The Chamber of Commerce

It then appears that leading members of the Chamber of Commerce, the successors of course to the Bailiffs and Burgesses that ran the town until the 1890s, but the various Acts of Parliament took away their powers, took exception to the Town Minibus that reserved two disabled spaces on a Friday morning, for at most 4 hours. They felt this was preventing custom for their businesses, and say many businesses agreed. Which ones do not benefit, one wonders, from the 30 OAPs that come in in those four hours to spend their money? Four hours, two spaces, with a parking max time of two hours – that means four cars could have driven into town and spent their money, contrasted with the 30 pensioners who did come.

It is my opinion that the benefit resulting from four SUVs, spending their money in sessions in Fitique or the various boutiques and coffee shops, would not meet the benefit to the town’s shops from the 30 OAPs. But if it takes 30 cars to come into town, to deliver these pensioners, separately, and block the roads while discharging and collecting them, then I am prepared to arrange it.

The NATC and HCC response

It seems that HCC has been quick to respond, and is circulating suggestions that it should start to charge for parking in the town, covering all parking spaces. Worse still for the traders, they would propose a residents parking pass system that would charge peanuts for residents to park in the town, and block the parking spaces that seem so important to the Chamber of Commerce, that they are prepared to go to the extreme of proposing banning the town minibus from the town centre.

Overall, the town is descending into selfish, suicidal madness!

Nick Denbow

  • Any opinions expressed in this article are the views of the author alone.
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2002 Golden Jubilee in Alresford

Just over 15 years ago Alresford celebrated the Queen’s Golden Jubilee, 50 years as the reigning monarch, with a procession up West Street and some entertainment in Broad Street. Prominent in this, on the Stage and dressed in Union Jacks, was George Hollingbery and his wife Janette: I’m sure you will recognise George in the photos below, despite – or maybe because of – the unconventional attire.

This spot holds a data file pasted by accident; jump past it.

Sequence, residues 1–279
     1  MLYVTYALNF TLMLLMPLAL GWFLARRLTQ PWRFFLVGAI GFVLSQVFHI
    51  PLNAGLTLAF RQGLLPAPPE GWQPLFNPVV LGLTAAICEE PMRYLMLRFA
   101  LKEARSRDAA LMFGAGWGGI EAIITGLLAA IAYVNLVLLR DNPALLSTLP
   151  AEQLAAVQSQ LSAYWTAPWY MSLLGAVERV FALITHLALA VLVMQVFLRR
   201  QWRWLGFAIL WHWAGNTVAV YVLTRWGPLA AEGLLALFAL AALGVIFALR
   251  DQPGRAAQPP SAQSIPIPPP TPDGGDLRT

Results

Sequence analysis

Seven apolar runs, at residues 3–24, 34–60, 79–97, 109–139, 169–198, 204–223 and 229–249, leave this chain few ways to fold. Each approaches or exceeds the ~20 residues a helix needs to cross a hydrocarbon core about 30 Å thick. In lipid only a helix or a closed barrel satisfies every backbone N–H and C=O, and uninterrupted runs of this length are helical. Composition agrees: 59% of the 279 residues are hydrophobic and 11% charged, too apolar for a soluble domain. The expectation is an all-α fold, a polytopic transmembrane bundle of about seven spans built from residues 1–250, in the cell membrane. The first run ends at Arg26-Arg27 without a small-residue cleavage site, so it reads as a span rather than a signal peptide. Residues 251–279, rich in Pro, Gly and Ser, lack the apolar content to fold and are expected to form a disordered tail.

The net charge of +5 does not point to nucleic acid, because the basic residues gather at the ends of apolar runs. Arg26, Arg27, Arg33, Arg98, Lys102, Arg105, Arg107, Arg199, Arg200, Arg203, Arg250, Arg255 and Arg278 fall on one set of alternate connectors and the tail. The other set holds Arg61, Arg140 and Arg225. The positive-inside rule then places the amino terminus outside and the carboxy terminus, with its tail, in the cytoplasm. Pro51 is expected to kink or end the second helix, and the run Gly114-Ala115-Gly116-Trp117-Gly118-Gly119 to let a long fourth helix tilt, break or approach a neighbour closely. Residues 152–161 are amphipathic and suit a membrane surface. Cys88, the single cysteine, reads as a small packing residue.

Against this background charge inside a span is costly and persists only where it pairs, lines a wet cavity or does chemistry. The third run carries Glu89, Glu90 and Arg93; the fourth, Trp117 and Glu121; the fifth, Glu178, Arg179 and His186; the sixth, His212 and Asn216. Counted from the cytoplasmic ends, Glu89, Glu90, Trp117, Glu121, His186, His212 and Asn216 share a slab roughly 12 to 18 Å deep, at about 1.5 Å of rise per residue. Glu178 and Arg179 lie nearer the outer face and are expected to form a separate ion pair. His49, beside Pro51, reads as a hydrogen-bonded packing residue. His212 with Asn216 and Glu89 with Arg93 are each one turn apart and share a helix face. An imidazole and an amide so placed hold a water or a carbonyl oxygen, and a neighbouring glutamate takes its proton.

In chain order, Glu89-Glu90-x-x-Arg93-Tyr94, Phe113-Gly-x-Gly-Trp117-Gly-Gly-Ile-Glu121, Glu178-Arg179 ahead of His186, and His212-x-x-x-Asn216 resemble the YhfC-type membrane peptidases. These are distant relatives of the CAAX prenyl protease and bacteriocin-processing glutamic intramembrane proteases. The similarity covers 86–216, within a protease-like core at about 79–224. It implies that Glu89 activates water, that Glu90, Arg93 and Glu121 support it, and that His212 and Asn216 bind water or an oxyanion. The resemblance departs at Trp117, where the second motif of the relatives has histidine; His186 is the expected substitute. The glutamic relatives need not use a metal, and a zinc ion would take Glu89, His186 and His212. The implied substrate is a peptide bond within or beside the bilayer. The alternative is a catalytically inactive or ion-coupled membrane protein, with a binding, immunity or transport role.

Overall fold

More important, Maddie Attenborough spent the day taking photos of Alresford people attending the celebrations, and published them later on a CD, copies of which were later sold in aid of the St John’s Centenary Appeal. A copy of this CD was recently passed to the Alresford Museum, and extracts are presented below, to see whether you can spot anyone you know – or even yourself, looking younger and slimmer!

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These collages are much cropped versions of most of the pics on Maddie’s CD, so if you see a pic of yourself and wish to see a full copy of the image let us know! I can see several Alresford Pigs, and a couple of my neighbours, but the award for the best float/display has to go once again to the Alresford Surgery team!

 

 

Photos of local villages

Old Alresford

A collection of photos of Old Alresford is available in the FlickR album on webpage www.flickr.com/photos/83468450@N03/albums/72157678155397343. This includes pics from the Old Alresford Village Fair in June 2017, as well as a few from 1988. The 2017 pics are summarised below.

Old Alresford Village Fair 2017

Itchen Abbas

I wanted to take some pics of the Edward Grey cottage site in Itchen Abbas, so went for a walk round the area, including the Church and the village school, which I had never found before, while my wife enjoyed some Zumba in the Village Hall. These pics are in the album on www.flickr.com/photos/83468450@N03/albums/72157685001511695 These photos were taken April 7 this year.

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Winchester

There’s another little place near Alresford, called Winchester. Many trips there produced various pics, some better than others! The architectural photos, taken in January 2017, were inspired by the “Look Up!” book about the history of all the buildings, which was a Christmas present. I must add some older ones from the previous few years next.